Why should we care whether we take enough magnesium?
Magnesium has been called a ‘master mineral’ for a good reason. It is involved in over 300 different enzymatic reactions in our body, affecting most of our tissues and organs. Alas, magnesium levels start drifting down with age, mainly due to dietary deficiencies and problem with absorption.
These days we talk about taking trips to Mars, but we haven’t yet quite figured out how to reliably measure magnesium levels. You might have had your magnesium level checked. Unfortunately, this number doesn’t tell us the whole story.
Because this mineral is so critical to proper functioning of our muscles, heart, vessels and nervous system, our bodies tend to be pretty strict about regulating serum magnesium level.
Yet, up to 99% of body magnesium is stored inside the cells, not in the blood stream, which is why the level of magnesium in the blood does not tell us much. In time of need, the body will leech significant amounts of magnesium from its storage in the cells and you might remain none the wiser.
That is, if not for some pesky symptoms.
Think of magnesium deficiency if you suffer from hypertension, arrhythmias (abnormal heart rhythms), migraines, depression, anxiety, confusion, sleep problems, premature hearing loss, fibromyalgia, unspecified diffuse muscle pain, muscle twitches and cramps, osteoporosis and constipation.
You may be at increased risk of low magnesium if you are suffering from diabetes, chronic diarrhea and hyperthyroidism.
Alcohol, caffeine and some medications – most notably proton pump inhibitors, acid reducers from the group of omeprazole and the diabetes drug – metformin – can deplete the body’s magnesium.
Chocolate cravings might just be a symptom of low magnesium. Chocolate happens to be one of the foods rich in magnesium – and the cravings may go away after proper supplementation. And then, of course, there is nothing wrong with a little piece of dark chocolate.
Magnesium is my go-to for insomnia, particularly associated with anxiety – racing thoughts as soon as you put your head down. It is phenomenal for muscle pain and tension. Do you carry the weight of the world on your shoulders? Definitely try magnesium.
Osteoporosis is another big indication, even though many physicians forget to mention magnesium along with calcium.
When looking for a magnesium supplement, you will notice there are different forms of it. There is magnesium oxide, citrate, gluconate, malate, taurate etc. Which one do you choose?
Unless your main problem is constipation, a good rule of thumb is to stay away from magnesium oxide which does not absorb well into the body and usually has a massive laxative effect.
Magnesium citrate is often used for muscle pain, particularly in patients with fibromyalgia. Another form worth trying for fibromyalgia is magnesium malate, containing malic acid.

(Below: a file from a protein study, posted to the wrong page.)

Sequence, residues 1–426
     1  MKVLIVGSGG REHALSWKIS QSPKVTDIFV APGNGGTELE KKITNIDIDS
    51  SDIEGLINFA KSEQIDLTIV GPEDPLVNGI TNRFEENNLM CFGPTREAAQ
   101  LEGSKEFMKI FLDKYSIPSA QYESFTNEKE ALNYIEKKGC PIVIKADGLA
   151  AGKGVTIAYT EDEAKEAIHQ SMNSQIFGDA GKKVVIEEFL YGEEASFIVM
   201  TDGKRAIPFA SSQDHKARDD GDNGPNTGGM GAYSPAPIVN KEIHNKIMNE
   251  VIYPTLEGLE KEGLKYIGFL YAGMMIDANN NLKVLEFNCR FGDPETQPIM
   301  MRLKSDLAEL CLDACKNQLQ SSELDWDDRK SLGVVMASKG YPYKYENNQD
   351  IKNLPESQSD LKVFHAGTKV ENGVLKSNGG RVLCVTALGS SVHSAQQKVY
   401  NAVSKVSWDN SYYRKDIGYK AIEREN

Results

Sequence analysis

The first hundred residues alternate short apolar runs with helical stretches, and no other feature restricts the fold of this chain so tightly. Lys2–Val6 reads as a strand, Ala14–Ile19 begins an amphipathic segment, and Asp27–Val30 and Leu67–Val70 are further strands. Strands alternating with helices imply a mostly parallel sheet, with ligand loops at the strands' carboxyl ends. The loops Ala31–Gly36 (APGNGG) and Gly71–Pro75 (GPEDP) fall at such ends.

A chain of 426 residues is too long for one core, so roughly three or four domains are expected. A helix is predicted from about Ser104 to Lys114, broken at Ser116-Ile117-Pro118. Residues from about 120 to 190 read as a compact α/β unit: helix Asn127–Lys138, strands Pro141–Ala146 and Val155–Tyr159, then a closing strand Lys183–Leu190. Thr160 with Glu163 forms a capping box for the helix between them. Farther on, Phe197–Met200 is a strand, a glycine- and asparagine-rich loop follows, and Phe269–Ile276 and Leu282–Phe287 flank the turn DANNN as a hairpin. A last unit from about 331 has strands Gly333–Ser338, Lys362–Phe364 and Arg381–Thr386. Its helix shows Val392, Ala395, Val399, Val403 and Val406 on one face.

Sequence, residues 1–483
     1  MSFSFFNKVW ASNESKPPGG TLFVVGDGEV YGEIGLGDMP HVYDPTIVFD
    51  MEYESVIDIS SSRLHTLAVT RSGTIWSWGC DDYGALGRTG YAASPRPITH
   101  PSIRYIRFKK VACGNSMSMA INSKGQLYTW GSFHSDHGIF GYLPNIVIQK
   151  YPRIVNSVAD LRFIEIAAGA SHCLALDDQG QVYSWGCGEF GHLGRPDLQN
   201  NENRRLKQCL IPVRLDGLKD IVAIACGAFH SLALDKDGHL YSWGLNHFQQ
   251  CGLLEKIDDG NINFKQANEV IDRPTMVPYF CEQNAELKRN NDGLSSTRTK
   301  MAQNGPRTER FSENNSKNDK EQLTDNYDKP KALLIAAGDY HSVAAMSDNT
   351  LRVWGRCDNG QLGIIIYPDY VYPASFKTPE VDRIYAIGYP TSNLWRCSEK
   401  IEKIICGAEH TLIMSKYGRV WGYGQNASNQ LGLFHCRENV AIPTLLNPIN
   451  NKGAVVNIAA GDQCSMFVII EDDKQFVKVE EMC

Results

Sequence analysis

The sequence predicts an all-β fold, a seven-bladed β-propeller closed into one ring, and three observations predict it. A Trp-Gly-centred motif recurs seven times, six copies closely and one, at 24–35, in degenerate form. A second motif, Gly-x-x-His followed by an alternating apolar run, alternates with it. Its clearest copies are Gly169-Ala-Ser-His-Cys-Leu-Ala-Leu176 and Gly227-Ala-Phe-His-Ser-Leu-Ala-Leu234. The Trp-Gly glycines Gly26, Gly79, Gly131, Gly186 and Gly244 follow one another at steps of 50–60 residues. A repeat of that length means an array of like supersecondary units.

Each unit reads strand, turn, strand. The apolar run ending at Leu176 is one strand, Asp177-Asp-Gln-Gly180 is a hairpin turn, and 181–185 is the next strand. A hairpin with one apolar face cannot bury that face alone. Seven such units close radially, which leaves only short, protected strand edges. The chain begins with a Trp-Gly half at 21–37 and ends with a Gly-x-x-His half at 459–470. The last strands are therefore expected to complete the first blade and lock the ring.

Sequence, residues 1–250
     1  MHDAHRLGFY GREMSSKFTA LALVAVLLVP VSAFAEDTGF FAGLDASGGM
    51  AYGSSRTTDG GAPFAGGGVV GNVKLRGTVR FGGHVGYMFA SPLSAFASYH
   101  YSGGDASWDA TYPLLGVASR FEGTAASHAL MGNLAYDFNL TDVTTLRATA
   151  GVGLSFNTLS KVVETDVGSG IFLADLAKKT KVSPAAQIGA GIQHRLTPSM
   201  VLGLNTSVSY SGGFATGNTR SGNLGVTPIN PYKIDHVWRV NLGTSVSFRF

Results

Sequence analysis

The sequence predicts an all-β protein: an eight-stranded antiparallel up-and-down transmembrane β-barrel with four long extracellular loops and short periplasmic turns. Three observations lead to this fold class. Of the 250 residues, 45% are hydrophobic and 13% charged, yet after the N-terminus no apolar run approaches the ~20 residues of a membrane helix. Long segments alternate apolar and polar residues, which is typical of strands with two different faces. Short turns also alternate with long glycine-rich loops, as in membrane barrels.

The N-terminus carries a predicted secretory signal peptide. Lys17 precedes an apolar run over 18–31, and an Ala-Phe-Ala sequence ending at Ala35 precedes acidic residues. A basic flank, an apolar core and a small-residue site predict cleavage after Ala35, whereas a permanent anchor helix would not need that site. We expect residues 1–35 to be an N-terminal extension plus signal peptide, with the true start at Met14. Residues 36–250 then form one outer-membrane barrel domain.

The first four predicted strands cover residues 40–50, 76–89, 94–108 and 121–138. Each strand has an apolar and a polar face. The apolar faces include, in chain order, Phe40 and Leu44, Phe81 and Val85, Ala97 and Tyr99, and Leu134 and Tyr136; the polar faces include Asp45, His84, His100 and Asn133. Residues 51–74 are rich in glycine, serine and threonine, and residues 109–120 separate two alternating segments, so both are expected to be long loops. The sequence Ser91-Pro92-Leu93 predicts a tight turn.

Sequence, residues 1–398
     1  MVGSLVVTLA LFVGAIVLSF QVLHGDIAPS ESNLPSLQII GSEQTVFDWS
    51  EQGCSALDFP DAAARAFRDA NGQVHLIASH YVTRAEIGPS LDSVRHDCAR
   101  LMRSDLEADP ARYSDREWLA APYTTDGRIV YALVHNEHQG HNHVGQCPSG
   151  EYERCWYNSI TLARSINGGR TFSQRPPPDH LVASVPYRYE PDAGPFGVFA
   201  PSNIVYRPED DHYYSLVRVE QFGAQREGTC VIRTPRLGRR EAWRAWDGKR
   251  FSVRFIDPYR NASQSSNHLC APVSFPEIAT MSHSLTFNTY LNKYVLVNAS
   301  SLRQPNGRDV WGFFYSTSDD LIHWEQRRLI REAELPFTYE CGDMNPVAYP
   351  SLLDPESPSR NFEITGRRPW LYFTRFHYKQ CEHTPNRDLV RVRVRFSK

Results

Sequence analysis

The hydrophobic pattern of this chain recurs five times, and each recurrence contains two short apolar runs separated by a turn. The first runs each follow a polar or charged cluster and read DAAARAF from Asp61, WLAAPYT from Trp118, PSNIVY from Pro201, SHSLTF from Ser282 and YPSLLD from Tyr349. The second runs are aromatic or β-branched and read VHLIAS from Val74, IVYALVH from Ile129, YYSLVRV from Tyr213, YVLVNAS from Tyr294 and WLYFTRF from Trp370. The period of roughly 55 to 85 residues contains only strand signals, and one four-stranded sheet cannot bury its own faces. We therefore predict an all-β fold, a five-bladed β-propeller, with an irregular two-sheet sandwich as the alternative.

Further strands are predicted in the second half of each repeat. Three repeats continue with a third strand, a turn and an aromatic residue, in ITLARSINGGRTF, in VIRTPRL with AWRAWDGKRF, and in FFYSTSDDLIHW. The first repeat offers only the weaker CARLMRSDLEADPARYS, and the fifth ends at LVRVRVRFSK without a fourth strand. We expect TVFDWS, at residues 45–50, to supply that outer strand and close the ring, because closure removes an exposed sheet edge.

Magnesium taurate seems to have more affinity for nervous system and is a good choice for preventing migraines. I tend to use a lot of magnesium citrate, as it tends to be versatile and relatively inexpensive.
Start with 200 mg of magnesium, and make sure you check for elemental magnesium, not total compound like magnesium citrate.
If you perceive no improvement in few days, you may increase the dose to 400 mg for short periods of time. The Upper Tolerable Level for magnesium is set at 350 mg, but you may take more when treating deficiency.
Your body will let you know if you’re overdoing it. If you develop diarrhea – you are taking too much. And, as always, when in doubt, run it by your doctor.
Magnesium is relaxing and as such usually best tolerated at bedtime.
Overall, magnesium seems to be well tolerated and pretty safe. Aside from abdominal cramps and diarrhea it may rarely cause low blood pressure, dizziness, irregular heart rhythm and slowed breathing.
The best sources of magnesium in the food are seeds and nuts, particularly pumpkin and sesame seeds, cashews, almonds, black beans, spinach and okra. And then, of course, there is dark chocolate!
How do you include magnesium naturally in your diet? What foods do you eat to get the benefit of magnesium? Do you take a magnesium supplement? Please share your choices in the comments below.
Tags Healthy Aging
Another helpful article, thank you. I began taking Magnesium for restless sleep a few weeks ago and the results have been encouraging. But I still wake up a few times per night. After reading your recommendation on dosage, I realize I’ve only been taking half of what I should. Good to know!